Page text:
In the first part of a regular series, Karen takes on Fantasy Life in a variety of 'lives' and documents her adventures.


One of Fantasy Life's most notable features — the upcoming life sim/action RPG from Level-5 and Brownie Brown — is that it has twelve jobs, or Lives, that players can fulfil in the game. Working 9 to 5 in a Fantasy Life will be an ongoing series here on Nintendo Life where I spend a full working day playing one of the Lives and share my impressions with you, our valued reader. One thing that I was not told when I was brought on as a writer and asked for feature ideas is that I was also volunteering to write my proposed features should they pass editorial muster. Good times, I say, good times.

The first thing to do in a new game of Fantasy Life, obviously, is create a little pixelated id monster of an avatar. I am two things that make character creation an absolute trap: exceedingly vain and nominally fastidious. Luckily for me the ability to adjust facial features is more limited than in Mii Maker, so pinning down the most pleasing appearance I could get with the available options was expedient enough. The big problem is that this character's look has to adapt to many roles within the game world, and after spending far too long trying to find a hairstyle that could effortlessly go from lumberjack to magician I decided on a Bayonetta/Wendy O. Williams style 'sod it all' punk 'do and still ended up cheek-pinchingly cute. Having given up all hope of equal representation of the Lives of Reveria in look or name, my character is called Fennel. All of my names for pets, mounts, etc. are drawn from spices, as I suspect that although cooks are only one of the many lives, they are in fact the secret power brokers of Reveria.

In my first morning in Castele I introduced myself to my landlady by falling out of bed with a loud crash. Pam is a mystifyingly familiar kindly matron whose spare bed in the attic has allegedly seen many a fledgling adventurer, but she assures me that she always changes the sheets in between. Outside of Pam's house I find a summons from Castele's king stuffed into the mailbox because it's apparently too much to expect that an adventurer with no memories of his or her previous number of years can wake up as a fully fit unit of economic production without the king's personal seal of approval.

On my way through Castele's main square I meet Flutter the butterfly, who will go on to function as my conscience, majordomo, neck piece, and funny guy to my apparently good-natured but utterly silent apple-cheeked straight man. The two thugs that Flutter is in trouble with are straining themselves trying to understand why a butterfly can talk but I'm trusting that the mushrooms Pam put in this morning's omelette explain the phenomenon, at least on my end. I head off to the Guild Office to get my first life licence for the hunting Life, even though I was already issued the clothing complete with silly headgear at the end of character creation. I chose hunting as my first Life because collecting spare animal parts seemed like the best way to get to know the land I probably grew up in.

At the castle, King Erik looks to be roughly eight years old with precision bobbed hair you could cut paper on. The other members of the court seem to be too intently polite to be put out by the kings apparent condition, so I'm assuming that it isn't the mushrooms talking. With the state requirements satisfied Flutter and I leave to meet Fern, the hunting master and Castele's most urgent candidate for self-help. Fern's attitude suggests that she may be currently questioning her Life choices in addition to being too cool for you, but she grudgingly takes me as a student after I complete a personally issued challenge wherein I show up Ferns other slacker pupil, Huntin' Pete. Pete is such a slacker that his own grandmother personally asks Fern to drop Pete as a pupil because he's such a slacker. All of this goes to show that when applying for a job you're only as good as the other applicants.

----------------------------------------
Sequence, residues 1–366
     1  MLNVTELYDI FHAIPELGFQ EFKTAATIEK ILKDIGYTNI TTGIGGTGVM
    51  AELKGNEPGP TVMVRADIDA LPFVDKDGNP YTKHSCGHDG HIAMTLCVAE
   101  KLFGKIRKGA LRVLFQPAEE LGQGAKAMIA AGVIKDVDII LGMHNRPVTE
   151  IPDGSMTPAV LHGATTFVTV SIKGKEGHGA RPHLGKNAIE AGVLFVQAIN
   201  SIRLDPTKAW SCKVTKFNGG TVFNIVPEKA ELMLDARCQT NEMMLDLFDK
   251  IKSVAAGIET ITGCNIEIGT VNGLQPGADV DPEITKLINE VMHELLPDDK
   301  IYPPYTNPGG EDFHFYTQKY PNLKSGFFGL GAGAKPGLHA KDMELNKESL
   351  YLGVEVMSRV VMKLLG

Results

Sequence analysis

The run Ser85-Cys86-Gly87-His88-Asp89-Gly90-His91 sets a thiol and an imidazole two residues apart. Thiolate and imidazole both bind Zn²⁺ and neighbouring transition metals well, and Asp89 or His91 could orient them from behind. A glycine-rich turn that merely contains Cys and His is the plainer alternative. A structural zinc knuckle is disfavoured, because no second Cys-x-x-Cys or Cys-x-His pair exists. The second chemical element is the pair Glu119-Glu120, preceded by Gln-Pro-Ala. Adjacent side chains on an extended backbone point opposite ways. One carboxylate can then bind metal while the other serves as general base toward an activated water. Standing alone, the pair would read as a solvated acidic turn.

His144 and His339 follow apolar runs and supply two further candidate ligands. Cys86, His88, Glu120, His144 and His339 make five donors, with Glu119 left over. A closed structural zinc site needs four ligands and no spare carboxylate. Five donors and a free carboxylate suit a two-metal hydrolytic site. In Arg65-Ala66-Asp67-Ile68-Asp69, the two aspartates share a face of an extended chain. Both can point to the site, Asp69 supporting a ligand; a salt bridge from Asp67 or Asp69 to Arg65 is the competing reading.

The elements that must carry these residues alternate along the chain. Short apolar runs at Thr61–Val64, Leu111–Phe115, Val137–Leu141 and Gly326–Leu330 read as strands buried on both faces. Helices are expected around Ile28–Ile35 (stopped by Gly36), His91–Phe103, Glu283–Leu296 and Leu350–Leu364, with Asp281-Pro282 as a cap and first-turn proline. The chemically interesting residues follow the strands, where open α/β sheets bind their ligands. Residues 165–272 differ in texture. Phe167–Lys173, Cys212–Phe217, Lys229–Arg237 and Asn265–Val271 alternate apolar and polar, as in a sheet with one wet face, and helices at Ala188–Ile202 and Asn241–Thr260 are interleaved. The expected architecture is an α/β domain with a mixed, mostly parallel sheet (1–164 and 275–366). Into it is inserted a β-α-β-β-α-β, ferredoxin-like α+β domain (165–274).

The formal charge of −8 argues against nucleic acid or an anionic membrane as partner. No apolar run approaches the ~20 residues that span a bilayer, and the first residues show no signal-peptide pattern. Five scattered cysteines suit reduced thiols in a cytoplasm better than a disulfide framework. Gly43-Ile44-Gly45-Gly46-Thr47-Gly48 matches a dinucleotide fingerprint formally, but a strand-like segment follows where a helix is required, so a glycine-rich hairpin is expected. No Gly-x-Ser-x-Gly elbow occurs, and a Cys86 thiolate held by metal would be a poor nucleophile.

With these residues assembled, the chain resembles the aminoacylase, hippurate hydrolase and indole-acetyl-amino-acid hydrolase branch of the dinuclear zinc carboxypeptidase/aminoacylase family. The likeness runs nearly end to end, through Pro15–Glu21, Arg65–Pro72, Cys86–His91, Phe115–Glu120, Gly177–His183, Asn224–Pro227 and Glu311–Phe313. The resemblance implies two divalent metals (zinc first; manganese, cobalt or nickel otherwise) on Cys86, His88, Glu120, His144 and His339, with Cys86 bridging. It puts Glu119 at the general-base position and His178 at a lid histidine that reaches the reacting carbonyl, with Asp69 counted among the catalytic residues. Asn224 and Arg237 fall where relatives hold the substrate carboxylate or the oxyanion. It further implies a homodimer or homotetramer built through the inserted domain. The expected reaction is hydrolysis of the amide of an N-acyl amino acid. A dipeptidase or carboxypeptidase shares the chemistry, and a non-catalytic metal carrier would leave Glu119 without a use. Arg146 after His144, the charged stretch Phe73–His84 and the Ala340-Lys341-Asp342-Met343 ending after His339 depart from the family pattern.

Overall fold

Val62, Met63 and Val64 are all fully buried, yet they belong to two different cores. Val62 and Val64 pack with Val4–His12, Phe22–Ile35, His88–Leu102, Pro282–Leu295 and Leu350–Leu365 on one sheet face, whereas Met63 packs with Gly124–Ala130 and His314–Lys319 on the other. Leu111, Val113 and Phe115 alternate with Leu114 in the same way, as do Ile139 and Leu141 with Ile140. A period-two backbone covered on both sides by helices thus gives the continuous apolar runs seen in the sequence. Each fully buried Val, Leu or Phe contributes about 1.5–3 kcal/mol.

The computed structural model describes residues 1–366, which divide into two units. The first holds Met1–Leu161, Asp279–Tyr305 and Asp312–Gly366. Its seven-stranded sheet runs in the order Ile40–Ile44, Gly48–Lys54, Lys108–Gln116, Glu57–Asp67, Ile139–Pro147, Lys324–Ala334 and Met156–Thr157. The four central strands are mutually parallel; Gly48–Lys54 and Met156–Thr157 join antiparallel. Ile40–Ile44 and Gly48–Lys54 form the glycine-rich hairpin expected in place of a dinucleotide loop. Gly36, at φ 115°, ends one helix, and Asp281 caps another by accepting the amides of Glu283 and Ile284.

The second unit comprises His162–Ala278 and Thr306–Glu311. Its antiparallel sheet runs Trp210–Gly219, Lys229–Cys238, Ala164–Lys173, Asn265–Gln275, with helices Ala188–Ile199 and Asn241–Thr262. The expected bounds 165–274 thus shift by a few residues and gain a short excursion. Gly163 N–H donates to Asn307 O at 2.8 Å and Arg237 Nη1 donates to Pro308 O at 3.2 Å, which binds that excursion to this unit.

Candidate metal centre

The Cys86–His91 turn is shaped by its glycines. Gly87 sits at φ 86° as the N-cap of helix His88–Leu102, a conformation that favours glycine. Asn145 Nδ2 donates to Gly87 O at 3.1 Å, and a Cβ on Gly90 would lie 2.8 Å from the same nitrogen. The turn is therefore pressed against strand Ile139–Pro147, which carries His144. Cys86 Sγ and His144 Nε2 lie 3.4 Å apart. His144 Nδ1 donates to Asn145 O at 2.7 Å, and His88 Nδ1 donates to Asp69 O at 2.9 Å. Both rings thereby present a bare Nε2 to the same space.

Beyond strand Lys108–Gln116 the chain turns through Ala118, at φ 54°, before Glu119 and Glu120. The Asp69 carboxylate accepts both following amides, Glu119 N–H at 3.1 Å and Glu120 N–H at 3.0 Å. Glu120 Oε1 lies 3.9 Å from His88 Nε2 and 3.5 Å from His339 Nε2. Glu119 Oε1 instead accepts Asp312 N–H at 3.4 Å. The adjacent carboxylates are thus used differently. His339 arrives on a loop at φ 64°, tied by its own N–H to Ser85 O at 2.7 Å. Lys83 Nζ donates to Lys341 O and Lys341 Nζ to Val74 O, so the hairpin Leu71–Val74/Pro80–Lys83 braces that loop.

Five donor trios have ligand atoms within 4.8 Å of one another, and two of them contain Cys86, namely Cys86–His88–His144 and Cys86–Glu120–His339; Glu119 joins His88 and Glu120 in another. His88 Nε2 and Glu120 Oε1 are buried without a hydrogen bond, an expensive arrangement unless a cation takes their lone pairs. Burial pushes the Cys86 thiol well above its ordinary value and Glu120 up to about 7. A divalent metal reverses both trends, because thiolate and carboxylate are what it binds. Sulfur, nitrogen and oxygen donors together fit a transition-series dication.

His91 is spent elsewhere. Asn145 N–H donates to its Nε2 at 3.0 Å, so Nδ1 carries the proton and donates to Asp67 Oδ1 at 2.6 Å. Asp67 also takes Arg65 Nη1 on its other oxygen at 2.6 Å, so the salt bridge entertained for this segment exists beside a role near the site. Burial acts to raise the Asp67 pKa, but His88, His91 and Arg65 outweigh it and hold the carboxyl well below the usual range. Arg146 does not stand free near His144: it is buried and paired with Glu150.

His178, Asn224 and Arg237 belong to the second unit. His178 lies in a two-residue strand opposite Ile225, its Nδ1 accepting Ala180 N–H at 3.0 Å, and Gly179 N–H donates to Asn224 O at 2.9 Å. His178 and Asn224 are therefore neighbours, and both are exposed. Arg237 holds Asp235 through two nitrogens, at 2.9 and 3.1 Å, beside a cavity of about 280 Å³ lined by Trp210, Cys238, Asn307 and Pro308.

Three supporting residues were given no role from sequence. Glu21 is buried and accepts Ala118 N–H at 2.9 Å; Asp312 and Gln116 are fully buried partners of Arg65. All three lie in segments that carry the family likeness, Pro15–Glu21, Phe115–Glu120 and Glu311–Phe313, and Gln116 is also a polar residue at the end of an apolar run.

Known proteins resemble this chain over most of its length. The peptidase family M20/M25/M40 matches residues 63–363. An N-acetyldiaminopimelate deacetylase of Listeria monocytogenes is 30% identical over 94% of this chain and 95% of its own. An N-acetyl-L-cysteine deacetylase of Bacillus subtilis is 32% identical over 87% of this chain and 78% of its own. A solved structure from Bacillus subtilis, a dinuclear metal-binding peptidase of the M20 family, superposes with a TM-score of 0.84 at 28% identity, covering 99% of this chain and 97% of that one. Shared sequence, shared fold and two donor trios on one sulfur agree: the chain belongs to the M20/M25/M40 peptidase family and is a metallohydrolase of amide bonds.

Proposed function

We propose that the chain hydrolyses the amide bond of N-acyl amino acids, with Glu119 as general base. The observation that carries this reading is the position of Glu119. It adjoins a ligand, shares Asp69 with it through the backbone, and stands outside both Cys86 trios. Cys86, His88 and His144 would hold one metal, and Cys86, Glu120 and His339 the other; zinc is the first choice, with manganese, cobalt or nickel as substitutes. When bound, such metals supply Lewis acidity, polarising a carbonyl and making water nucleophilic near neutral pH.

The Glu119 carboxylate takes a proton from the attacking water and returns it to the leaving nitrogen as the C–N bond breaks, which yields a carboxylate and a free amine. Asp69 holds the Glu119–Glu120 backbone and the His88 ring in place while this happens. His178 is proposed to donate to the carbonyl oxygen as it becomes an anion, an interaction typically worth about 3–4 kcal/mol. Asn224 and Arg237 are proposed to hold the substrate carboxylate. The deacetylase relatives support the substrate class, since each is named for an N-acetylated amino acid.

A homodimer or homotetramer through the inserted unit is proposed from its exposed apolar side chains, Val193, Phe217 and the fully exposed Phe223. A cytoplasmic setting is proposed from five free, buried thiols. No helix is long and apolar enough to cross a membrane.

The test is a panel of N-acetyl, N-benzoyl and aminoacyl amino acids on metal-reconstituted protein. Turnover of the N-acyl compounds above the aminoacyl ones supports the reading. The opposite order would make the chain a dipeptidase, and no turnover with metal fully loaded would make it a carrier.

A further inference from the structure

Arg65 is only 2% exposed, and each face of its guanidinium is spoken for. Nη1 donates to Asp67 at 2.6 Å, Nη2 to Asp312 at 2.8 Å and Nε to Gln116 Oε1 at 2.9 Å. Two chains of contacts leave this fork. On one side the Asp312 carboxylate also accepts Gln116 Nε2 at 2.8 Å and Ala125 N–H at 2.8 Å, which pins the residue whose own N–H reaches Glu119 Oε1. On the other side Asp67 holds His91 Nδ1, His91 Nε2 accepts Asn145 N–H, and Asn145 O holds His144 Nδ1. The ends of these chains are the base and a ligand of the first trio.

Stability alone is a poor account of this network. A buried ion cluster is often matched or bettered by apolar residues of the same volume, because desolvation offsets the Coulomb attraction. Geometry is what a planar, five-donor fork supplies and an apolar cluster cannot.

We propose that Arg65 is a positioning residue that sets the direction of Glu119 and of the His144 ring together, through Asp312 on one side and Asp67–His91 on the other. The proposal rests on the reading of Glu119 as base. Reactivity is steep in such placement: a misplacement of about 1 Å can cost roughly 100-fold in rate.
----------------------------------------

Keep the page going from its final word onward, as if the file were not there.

Laundry list of Life challenges in hand, I arrive in the East Grassy Plains, eager to prove myself a steward of the wilderness by shooting arrows into Reveria's most beautiful creatures. Combat as a hunter is reasonably straightforward. You aim, you shoot, you wonder how a bow could possibly have this much recoil; yet it's also useful for incrementally pushing you away from attacking monsters. If you've ever become dependent on auto-aim you are suddenly and subtly reminded of this fact. Having a pet is very useful to hunter combat as your pet can run interference while you safely snap your catgut away at the monsters until your not terribly durable pet faints and you deservedly get your own kneecaps chewed on.

Life as a hunter was certainly enjoyable, but since the challenges are full of 'kill number of creature' cull quests it didn't feel as different from other games as it should have. I got most of that Fantasy Life flavour from accidentally launching myself through four chapters of the main story in this sitting. Since all the fresh air is killing me and Castele fashion could use an Alexander McQueen style enfant terrible to shake things up, please join me next time when I'll be taking up the tailoring Life.

Rank achieved: Adept
Useful for: Acquiring bow skills, pretending that Fantasy Life has pet classes.
Quality of Life: *** of *****
Additional comments: Bows seem overpowered up until the very moment when they seem underpowered.